“In your eyes, what qualities make a man?” a deep, far-off voice asks a kid. “I’m not sure,” the kid replies. 

This is the opening scene from Bottega Veneta’s short film, titled “Men”—an eight-minute movie made by the brand’s creative director, Daniel Lee, and the filmmaker and photographer Tyrone Lebon, known for his work on the music video for Frank Ocean’s “Nikes.” Lee’s quiet demeanor and Lebon’s fine artistry comes through clearly in the film, which finds a cast of men (and one woman, Neneh Cherry,) including the actor Barry Keoghan, British musician Octavian, director Dick Jewell, and dancer Roberto Bolle. Each man is filmed in various stages of undress, as they change into outfits from past and present Bottega Veneta seasons. 

Bottega Veneta Men – Neneh Cherry
Neneh Cherry

The short was made not as an advertising campaign, nor to herald a new collection—it was simply a piece of art that Lee, who was brought on to helm Bottega Veneta in 2018, and Lebon wanted to make. It’s available to watch on the brand’s website, and on Mubi.

Each person featured in the video discusses what being a man means to them. It might seem like an odd time to poll guys on this topic, when patriarchy and toxic masculinity are being protested and questioned. But “Bottega Veneta: Men” does the opposite of reinforcing an old-school mentality of what it means to be a man—the people in the video are totally open, sharing their own stories in snippets and baring some deep emotions while they, both literally and proverbially, shed their armor.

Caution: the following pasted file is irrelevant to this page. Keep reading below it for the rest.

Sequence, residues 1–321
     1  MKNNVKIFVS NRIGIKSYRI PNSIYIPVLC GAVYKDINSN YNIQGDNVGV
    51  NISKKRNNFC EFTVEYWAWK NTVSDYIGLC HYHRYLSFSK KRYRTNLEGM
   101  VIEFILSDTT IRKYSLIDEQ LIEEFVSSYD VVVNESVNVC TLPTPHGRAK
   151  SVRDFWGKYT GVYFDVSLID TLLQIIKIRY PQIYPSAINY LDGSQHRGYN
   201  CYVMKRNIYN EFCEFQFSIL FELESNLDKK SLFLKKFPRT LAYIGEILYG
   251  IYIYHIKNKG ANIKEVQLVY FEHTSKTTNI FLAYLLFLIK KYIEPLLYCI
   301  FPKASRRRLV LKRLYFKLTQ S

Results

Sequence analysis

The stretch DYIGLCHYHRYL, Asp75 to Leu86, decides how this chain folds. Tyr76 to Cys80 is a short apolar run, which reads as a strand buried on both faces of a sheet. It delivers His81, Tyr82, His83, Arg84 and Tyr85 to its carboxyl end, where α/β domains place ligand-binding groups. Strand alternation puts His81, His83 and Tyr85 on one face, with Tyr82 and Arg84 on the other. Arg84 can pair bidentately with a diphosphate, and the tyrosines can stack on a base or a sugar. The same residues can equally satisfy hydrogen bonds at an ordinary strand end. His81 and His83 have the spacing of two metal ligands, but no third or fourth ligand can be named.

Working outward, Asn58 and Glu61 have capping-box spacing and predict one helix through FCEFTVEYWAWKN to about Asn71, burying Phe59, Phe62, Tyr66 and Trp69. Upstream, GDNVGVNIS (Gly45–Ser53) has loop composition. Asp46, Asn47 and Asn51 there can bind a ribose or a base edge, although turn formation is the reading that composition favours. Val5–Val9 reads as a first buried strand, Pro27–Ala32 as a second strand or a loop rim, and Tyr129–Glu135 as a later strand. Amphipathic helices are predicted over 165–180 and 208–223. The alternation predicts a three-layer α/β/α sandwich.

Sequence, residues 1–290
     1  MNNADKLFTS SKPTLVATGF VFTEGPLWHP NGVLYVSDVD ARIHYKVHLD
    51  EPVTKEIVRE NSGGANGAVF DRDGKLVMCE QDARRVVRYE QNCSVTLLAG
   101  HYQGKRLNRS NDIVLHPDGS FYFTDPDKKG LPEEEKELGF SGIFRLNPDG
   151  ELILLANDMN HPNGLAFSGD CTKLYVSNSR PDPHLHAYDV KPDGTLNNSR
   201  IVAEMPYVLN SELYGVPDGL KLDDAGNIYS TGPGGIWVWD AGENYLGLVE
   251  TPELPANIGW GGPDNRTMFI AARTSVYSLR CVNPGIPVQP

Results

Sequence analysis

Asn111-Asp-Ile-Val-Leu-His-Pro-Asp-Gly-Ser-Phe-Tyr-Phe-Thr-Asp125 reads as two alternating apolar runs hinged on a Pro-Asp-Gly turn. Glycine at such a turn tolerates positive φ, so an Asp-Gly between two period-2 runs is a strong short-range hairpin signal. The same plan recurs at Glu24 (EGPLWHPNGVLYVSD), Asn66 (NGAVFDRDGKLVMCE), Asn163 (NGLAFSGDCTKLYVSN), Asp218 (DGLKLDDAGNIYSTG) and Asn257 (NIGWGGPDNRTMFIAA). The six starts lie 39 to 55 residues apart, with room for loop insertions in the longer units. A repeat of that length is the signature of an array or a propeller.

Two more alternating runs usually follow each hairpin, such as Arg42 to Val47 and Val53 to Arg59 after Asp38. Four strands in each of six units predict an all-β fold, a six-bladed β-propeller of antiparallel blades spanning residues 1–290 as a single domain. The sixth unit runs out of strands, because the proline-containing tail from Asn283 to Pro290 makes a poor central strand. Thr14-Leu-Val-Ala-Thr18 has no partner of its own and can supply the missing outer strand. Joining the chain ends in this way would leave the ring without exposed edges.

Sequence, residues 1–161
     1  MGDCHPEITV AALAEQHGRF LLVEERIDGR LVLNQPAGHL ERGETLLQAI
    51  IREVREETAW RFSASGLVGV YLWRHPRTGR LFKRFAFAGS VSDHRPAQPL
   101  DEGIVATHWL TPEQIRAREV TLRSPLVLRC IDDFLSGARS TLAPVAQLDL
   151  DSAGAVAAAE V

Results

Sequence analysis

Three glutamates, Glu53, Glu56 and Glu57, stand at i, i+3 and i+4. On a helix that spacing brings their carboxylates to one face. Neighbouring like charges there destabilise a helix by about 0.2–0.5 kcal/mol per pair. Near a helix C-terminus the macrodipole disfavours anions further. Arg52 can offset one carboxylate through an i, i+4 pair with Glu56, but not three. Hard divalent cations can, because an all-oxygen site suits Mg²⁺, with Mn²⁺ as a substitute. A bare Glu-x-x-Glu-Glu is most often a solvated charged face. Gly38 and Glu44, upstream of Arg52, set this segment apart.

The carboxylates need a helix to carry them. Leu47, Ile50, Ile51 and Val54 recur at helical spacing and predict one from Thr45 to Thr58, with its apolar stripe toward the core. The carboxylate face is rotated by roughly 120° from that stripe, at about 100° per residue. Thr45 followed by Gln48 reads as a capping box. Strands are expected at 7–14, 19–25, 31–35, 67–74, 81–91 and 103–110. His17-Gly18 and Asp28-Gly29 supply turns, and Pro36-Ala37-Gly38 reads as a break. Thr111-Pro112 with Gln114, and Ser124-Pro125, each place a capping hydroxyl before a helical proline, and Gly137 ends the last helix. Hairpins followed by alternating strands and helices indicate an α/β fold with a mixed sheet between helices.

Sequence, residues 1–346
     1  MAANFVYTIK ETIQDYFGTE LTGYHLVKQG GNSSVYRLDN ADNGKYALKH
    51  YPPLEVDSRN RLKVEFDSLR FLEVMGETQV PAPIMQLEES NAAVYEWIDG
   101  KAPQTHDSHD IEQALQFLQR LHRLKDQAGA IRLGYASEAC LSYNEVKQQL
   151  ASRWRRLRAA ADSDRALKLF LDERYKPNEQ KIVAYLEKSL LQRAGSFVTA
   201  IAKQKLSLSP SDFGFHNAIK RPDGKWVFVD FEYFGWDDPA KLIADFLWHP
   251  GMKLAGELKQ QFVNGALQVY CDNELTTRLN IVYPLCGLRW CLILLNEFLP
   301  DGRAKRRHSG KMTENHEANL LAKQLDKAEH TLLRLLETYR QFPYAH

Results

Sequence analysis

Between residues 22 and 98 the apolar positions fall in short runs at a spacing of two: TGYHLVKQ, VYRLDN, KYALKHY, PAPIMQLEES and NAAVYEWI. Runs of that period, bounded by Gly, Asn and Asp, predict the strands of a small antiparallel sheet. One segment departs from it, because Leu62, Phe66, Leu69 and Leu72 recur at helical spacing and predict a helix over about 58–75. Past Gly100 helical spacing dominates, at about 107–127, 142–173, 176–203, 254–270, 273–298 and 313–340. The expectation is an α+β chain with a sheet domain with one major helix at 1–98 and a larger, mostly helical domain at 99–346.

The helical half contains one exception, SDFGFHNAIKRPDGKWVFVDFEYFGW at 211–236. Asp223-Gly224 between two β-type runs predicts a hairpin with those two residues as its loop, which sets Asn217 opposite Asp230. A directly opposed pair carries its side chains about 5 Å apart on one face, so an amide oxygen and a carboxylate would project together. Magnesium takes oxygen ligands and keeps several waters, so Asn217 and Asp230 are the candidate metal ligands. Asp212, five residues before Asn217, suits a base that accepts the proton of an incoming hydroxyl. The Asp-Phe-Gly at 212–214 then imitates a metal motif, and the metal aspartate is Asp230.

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Bottega Veneta Men – Roberto Bolle
Roberto Bolle

“I grew up in foster care, there wasn’t a father figure there for me at all,” Keoghan says, while the camera dips back and forth between close-ups of his eyes, and far-away shots of his outfit: a rain-slicked anorak, a black turtleneck, a diamond chain. “We put this front on, we don’t show anyone anything, it’s a weakness. It gives me hope that I don’t have to live up to this masculinity. The real leading men are the ones who are vulnerable and who do show their true feelings.”

During a moment when fashion is leaning on video as a central form of expression—a stopgap for when the industry can get back to real shows—Bottega Veneta took things one step further with “Men.” The brand shipped large boxes containing projectors and film to fashion editors, allowing them to watch the short movie in their homes. It evoked the feeling of being in a theater, or watching an art piece play out on the wall of a museum.

The driving point of the film is that there is no one way to be a man, especially in 2020; each participant’s story, distinct in its nuances, proves that much. The scene closes with the same little boy from the beginning, saying that he plays video games as random characters, it doesn’t matter the gender.

“Is it something you’ve thought about?” the deep, far-off voice can be heard saying. “Never, really,” the child responds.

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